The fourth amendment to the United States Constitution and article II, section 7, of the Colorado Constitution protect persons from unreasonable searches and seizures. 5 See Ker v. California, 374 U.S. 23, 83 S.Ct. 1623, 10 L.Ed.2d 726 (1963); Mapp v. Ohio, 367 U.S. 643, 81 S.Ct. 1684, 6 L.Ed.2d 1081 (1961). Searches have been described as intrusive governmental investigations or explorations into non-public places for that which is concealed. See W. LaFave, Search and Seizure § 2.1(a), 301-03 (2d ed. 1987). However, the mere observation by government officials of that which is plainly visible to anyone does not constitute a search for constitutional purposes. See California v. Ciraolo, 476 U.S. 207, 106 S.Ct. 1809, 90 L.Ed.2d 210 (1986); Fagundes v. United States, 340 F.2d 673 (1st Cir.1965); People v. Becker, 188 Colo. 160, 533 P.2d 494 (1975). Seizures, on the other hand, refer to some meaningful interference with an individual's possessory interest in personal property such as the physical taking and removing of such property. United States v. Jacobsen, 466 U.S. 109, 113, 104 S.Ct. 1652, 1656, 80 L.Ed.2d 85 (1984); W. LaFave Search and Seizure § 2.1(a), 299-301 (2d ed. 1987).

The touchstone of fourth amendment analysis is whether a person has a "constitutionally protected reasonable expectation of privacy" in the area or item searched or seized. Katz v. U.S., 389 U.S. 347, 360, 88 S.Ct. 507, 516, 19 L.Ed.2d 576 (1967) (Harlan, J., concurring). See Ciraolo, 476 U.S. at 211, 106 S.Ct. at 1811; Oliver v. United States, 466 U.S. 170, 177, 104 S.Ct. 1735, 1740-41, 80 L.Ed.2d 214 (1984). That determination requires the court to ascertain whether an individual has exhibited a subjective expectation of privacy in the particular place or object in question and whether that subjective expectation is one society recognizes as reasonable. Katz, 389 U.S. at 361, 88 S.Ct. at 516. The existence of a legitimate expectation of privacy must be determined after examining all the facts and circumstances in each particular case. Oliver, 466 U.S. at 177-78, 104 S.Ct. at 1740-41; People v. Shorty, 731 P.2d 679, 681 (Colo.1987); People v. Oates, 698 P.2d 811, 819 (Colo.1985); People v. Savage, 630 P.2d 1070, 1073 (Colo.1981).

In the present case, the Hoffmans and the People agree that the officers' off-site observation of the marijuana plants did not constitute a search for fourth amendment purposes. There is no invasion of privacy in the observation of that which is plainly visible to the public. See Fagundes, 340 F.2d 673 (1st Cir.1965); Petteway v. United States, 261 F.2d 53 (4th Cir.1958). As the Supreme Court has recognized, "[w]hat a person knowingly exposes to the public, even in his own home or office, is not a subject of Fourth Amendment protection." Katz, 389 U.S. at 351, 88 S.Ct. at 511. Thus, in general, a curtilage is not protected from observations that are lawfully made from outside its perimeter not involving physical intrusion. Florida v. Riley, 488 U.S. 445, 109 S.Ct. 693, 696, 102 L.Ed.2d 835 (1989); Ciraolo, 476 U.S. at 213, 106 S.Ct. at 1812.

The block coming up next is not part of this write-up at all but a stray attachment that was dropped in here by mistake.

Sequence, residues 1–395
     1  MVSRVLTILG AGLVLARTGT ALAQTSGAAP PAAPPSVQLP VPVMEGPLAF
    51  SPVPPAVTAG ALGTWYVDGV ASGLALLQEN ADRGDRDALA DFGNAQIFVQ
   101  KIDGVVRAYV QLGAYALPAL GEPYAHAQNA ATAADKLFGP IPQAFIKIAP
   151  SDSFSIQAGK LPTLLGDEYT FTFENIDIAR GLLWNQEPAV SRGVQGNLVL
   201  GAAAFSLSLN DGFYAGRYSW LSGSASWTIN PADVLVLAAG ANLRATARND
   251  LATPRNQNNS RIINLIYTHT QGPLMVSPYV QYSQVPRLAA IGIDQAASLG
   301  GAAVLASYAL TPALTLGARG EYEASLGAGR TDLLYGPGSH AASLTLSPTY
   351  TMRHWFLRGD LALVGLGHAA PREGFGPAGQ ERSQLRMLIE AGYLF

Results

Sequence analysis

The fact that the officers legitimately obtained sufficient information to establish probable cause to believe the Hoffmans had committed an offense does not end the inquiry. Probable cause permits officers to obtain a warrant to search premises and to seize property. See Specht v. Jensen, 832 F.2d 1516 (10th Cir.1987), cert. denied, 488 U.S. 1008, 109 S.Ct. 792, 102 L.Ed.2d 783 (1989); U.S. v. Burns, 624 F.2d 95 (10th Cir.), cert. denied, 449 U.S. 954, 101 S.Ct. 361, 66 L.Ed.2d 219 (1980); People v. Rayford, 725 P.2d 1142 (Colo.1986); People v. Hill, 690 P.2d 856 (Colo.1984). The officers here elected to enter the backyard, walk to the garden 6 and seize the marijuana plants, all without first obtaining a warrant judicially authorizing such conduct.

Warrantless searches and seizures are presumptively invalid under the fourth amendment to the United States Constitution and article II, section 7, of the Colorado Constitution, subject only to a few specifically delineated exceptions. See Thompson v. Louisiana, 469 U.S. 17, 105 S.Ct. 409, 83 L.Ed.2d 246 (1984) (per curiam); United States v. United States Dist. Court, 407 U.S. 297, 92 S.Ct. 2125, 32 L.Ed.2d 752 (1972); People v. Dandrea, 736 P.2d 1211 (Colo.1987); People v. Reynolds, 672 P.2d 529 (Colo.1983); People v. Stoppel, 637 P.2d 384 (Colo.1981). The prosecution bears the burden of establishing that warrantless conduct by government officials falls within one of those exceptions. See Arkansas v. Sanders, 442 U.S. 753, 99 S.Ct. 2586, 61 L.Ed.2d 235 (1979); Mincey v. Arizona, 437 U.S. 385, 98 S.Ct. 2408, 57 L.Ed.2d 290 (1978); People v. Jansen, 713 P.2d 907 (Colo.1986); People v. Turner, 660 P.2d 1284 (Colo.1983); People v. Williams, 200 Colo. 187, 613 P.2d 879 (1980).

While the fourth amendment protects people rather than places, Katz, 389 U.S. at 353, 88 S.Ct. at 512, particular places retain significance for purposes of determining the scope of fourth amendment protections. Certain areas, such as the interiors of homes and offices, are deemed to be...